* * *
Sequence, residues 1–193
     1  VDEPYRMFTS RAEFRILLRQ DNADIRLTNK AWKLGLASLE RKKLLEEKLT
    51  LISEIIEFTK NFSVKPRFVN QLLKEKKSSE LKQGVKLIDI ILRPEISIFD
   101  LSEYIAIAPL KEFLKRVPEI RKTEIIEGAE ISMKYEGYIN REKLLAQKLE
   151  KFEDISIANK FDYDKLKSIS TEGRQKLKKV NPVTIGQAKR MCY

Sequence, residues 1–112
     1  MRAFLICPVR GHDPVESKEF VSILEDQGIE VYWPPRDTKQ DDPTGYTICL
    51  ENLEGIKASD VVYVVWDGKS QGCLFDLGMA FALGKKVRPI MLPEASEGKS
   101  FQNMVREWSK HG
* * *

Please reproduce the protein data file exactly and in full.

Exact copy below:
Sequence, residues 1–193
     1  VDEPYRMFTS RAEFRILLRQ DNADIRLTNK AWKLGLASLE RKKLLEEKLT
    51  LISEIIEFTK NFSVKPRFVN QLLKEKKSSE LKQGVKLIDI ILRPEISIFD
   101  LSEYIAIAPL KEFLKRVPEI RKTEIIEGAE ISMKYEGYIN REKLLAQKLE
   151  KFEDISIANK FDYDKLKSIS TEGRQKLKKV NPVTIGQAKR MCY

Sequence, residues 1–112
     1  MRAFLICPVR GHDPVESKEF VSILEDQGIE VYWPPRDTKQ DDPTGYTICL
    51  ENLEGIKASD VVYVVWDGKS QGCLFDLGMA FALGKKVRPI MLPEASEGKS
   101  FQNMVREWSK HG